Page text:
Nearly two times a week in the U.S., a white police officer killed a black person during a seven-year period ending in 2012, say the most recent accounts of justifiable homicide reported to the FBI. USA Today reports that on average, there were 96 such incidents among at least 400 police killings each year that were reported to the FBI by local police. The numbers appear to show that the shooting of a black teenager in Ferguson, Mo., last Saturday was not an isolated event. The reports show that 18 percent of the blacks killed during those seven years were under 21, compared to 8.7 percent of whites. The victim in Ferguson was Michael Brown, 18. The officer who shot him was white.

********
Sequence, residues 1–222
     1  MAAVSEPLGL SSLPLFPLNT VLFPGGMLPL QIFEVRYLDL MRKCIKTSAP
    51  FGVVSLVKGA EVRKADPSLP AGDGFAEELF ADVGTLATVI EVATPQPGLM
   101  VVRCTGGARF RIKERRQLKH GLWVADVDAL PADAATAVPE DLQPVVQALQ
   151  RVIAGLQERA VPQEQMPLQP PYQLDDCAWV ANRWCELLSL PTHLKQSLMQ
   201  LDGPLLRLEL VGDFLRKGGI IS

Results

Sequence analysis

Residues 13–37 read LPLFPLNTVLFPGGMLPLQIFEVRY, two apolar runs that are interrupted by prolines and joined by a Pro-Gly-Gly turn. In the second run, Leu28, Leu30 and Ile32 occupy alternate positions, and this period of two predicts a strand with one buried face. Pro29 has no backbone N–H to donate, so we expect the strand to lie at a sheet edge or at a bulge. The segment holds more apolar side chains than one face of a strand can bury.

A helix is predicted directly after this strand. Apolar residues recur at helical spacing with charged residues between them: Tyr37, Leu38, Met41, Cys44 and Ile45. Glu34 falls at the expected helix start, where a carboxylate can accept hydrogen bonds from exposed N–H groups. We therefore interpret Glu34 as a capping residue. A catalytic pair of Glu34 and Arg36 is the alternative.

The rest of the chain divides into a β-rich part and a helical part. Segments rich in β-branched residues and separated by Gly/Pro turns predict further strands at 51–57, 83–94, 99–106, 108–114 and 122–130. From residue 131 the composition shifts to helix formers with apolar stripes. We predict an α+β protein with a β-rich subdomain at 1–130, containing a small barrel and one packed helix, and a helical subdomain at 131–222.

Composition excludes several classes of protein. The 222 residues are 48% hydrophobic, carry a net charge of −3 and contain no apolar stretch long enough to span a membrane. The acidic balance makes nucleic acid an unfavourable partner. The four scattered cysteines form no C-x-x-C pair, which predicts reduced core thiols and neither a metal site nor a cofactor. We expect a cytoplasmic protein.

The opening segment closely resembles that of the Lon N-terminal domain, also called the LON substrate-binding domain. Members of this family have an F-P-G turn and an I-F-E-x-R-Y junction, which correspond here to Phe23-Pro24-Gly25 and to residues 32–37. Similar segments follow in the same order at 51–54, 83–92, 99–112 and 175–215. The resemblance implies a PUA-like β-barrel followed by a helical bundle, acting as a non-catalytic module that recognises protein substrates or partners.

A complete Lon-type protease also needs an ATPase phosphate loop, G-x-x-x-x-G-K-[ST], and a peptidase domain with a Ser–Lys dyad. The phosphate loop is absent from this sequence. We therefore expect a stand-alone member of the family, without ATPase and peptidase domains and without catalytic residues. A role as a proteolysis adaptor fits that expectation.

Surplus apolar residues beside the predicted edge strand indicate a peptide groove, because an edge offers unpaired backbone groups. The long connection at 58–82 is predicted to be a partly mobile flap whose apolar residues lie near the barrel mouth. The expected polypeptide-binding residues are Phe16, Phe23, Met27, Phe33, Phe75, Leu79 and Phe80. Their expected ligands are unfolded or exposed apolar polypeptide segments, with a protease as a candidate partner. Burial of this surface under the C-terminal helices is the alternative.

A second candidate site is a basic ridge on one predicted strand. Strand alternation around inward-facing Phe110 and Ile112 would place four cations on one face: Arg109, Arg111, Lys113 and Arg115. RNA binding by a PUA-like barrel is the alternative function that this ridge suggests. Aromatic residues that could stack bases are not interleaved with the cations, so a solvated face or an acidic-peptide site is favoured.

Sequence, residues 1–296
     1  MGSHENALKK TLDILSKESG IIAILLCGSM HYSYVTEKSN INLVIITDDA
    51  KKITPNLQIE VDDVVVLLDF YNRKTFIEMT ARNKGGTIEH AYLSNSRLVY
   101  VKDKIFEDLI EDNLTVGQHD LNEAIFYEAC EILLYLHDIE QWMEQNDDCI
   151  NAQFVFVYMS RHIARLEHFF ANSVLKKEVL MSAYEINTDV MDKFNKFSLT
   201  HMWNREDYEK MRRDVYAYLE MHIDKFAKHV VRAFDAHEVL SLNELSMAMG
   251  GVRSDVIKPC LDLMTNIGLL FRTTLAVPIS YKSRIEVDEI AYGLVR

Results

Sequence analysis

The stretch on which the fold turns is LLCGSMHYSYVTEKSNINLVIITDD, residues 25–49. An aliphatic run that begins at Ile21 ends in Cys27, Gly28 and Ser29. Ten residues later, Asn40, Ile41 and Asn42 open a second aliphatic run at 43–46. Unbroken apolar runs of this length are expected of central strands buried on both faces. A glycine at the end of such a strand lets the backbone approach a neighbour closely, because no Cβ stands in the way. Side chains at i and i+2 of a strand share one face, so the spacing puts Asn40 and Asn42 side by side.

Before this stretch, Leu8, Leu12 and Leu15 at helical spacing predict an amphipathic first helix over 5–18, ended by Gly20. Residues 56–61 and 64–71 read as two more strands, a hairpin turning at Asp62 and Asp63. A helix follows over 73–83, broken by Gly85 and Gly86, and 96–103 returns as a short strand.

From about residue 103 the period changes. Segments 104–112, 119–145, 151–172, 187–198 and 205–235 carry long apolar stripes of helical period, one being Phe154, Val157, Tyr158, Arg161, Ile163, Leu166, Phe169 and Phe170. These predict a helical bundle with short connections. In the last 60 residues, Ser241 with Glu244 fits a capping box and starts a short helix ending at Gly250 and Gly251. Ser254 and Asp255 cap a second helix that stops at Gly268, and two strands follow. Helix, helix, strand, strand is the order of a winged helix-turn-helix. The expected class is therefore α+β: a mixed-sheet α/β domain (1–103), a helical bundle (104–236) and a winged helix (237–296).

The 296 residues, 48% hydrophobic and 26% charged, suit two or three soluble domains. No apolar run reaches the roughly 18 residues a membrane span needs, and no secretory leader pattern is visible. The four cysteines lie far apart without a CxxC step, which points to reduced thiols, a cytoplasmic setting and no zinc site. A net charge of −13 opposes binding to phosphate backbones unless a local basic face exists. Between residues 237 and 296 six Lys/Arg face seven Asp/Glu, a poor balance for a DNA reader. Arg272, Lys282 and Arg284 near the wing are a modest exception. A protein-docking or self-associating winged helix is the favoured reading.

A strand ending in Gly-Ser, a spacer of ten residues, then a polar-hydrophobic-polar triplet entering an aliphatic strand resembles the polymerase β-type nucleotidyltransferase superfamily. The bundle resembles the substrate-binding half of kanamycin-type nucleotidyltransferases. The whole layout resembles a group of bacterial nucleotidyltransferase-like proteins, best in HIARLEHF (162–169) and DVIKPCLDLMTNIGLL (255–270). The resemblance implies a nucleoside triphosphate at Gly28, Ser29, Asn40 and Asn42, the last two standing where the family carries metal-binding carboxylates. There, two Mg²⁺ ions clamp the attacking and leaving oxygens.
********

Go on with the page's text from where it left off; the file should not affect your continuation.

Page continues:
While the racial analysis is striking, the database it’s based on is incomplete. The killings are self-reported by law enforcement and not all police departments participate, so the database undercounts the actual number of deaths. About 750 agencies contribute to the database, a small fraction of the 17,000 U.S. law enforcement agencies. University of South Carolina criminologist Geoff Alpert said the FBI’s limited database underscores a gaping hole in the nation’s understanding of how often local police take a life on U.S. streets and under what circumstances. ”There is no national database for this type of information, and that is so crazy,” said Alpert. “We’ve been trying for years, but nobody wanted to fund it and the (police) departments didn’t want it. They were concerned with their image and liability. They don’t want to bother with it.”